Safety/Feasibility of CAR T-Cell Therapy Being Investigated in Brain Tumors

Sara Karlovitch

Sara Karlovitch is an associate editor with Targeted Oncology. She received a duel degree in Journalism and Government and Politics from the University of Maryland.

The first patient has been dosed in a study designed to evaluate the safety and feasibility of IL13Rα2 chimeric antigen receptor T cell therapy for the treatment of leptomeningeal brain tumors, such as glioblastoma, ependymoma, and medulloblastoma.

The first patient has been dosed in a study (NCT04661384) designed to evaluate the safety and feasibility of IL13Rα2 chimeric antigen receptor (CAR) T cell therapy (MB-101) for the treatment of leptomeningeal brain tumors, such as glioblastoma, ependymoma, and medulloblastoma, according to a press release by MustangBio.

IL13Rα2 is often overexpressed on the surface of the majority of malignant glioma cells but has limited expression in normal tissue, making it an ideal target for CAR T-cell therapy. They therapy is meant to express a membrane-tethered IL-13 receptor ligand which incorporates a single-point mutation that reduces binding to IL13Rα2 to reduce the targeting of health tissue. Additionally, the CAR T-cell therapy is being engineered to enhance antitumor potency and T cell persistence.

The single-arm study is being conducted at the City of Hope Comprehensive Cancer Center. The study has an estimated enrollment of 30 participants and primary endpoints of incidence of adverse events up to 15 years and overall survival at 3 months. Secondary outcomes include CAR T-cell levels, endogenous T-cell levels detected in tumor cyst fluid, cell phenotype detected in tumor cyst fluid, cytokine levels, time to progression, overall survival, IL13Rα2 antigen expression in tumor tissue, biomathematical modeling of tumor growth, and biomathematical modeling of perfusion/diffusion.

During the trial, patients will undergo surgery in order to place an intraventricular Rickham catheter for CAR T-cell delivery. Patients will then receive the CAR T cells over the course of 5 minutes on day 1. The treatment will repeat every 7 days for 4 cycles in the absence of disease progression or until unacceptable toxicity.

In order to participate, patients must have treated leptomeningeal metastases after intrathecal chemotherapy and/or radiation or refuses to under radiation and/or intrathecal chemotherapy. Additionally, patients must have a Karnofsky performance status equal to or greater than 60 and a life expectancy of 8 weeks or more. Patients who require supplemental oxygen to keep saturation greater than 95% and the situation is not expected to resolve within 2 weeks, require dialysis, uncontrolled seizure activity, or are unwilling to stop treatment with chemotherapy or endocrine therapy, are not eligible to participate.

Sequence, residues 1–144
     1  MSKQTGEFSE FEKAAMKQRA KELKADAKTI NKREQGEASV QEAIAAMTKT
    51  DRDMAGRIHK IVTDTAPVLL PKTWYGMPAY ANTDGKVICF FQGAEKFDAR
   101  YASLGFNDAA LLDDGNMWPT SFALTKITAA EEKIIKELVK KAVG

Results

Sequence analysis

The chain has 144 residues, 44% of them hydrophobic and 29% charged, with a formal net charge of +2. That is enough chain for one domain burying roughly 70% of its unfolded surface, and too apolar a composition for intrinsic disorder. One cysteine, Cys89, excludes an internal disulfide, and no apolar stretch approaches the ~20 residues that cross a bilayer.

“Based on our research to date, including a previous clinical trial at City of Hope, further evaluation is warranted for this CAR T-cell therapy. The prior clinical trial demonstrated encouraging potential of administering autologous IL13Rα2-CAR T cells intraventricularly to help treat patients with leptomeningeal brain tumors, a form of metastatic brain cancer that is difficult to treat. We continue to work closely with the Mustang team to potentially bring a safe, effective treatment option to patients suffering with this life-threatening disease,” said Lisa Feldman, MD, PhD, a neurosurgeon and assistant clinical professor in the Division of Neurosurgery at City of Hope and the study’s principle investigator in a press release.

The FDA has granted approvals to numerous CAR T cell therapies for relapsed or refractory (R/R) multiple myeloma, R/R large B-cell lymphoma, diffuse large B-cell lymphoma, and follicular lymphoma. Efforts to use CAR T cells for the treatment of solid tumors has been met with limited success.

“The successful dosing of the first patient in this clinical trial of MB-101 is an important milestone in Mustang’s development program. We are pleased to support City of Hope to further study MB-101 in leptomeningeal brain tumors to potentially bring hope to patients suffering from this devastating and fatal disease,” said Manuel Litchman, MD, president and CEO of MustangBio in a press release. “MB-101 has already demonstrated therapeutic potential when infused into the ventricular system, including delivering a complete response in a patient with leptomeningeal glioblastoma that was published in the New England Journal of Medicine. We aim to generate additional data that supports the advancement of this program.”

Mustang Bio and City of Hope announce first patient dosed in phase 1 clinical trial of MB-101 (IL13Rα2-specific CAR T cells) to treat leptomeningeal brain tumors. News Release. MustangBio. May 18, 2021. Accessed May 18, 2021.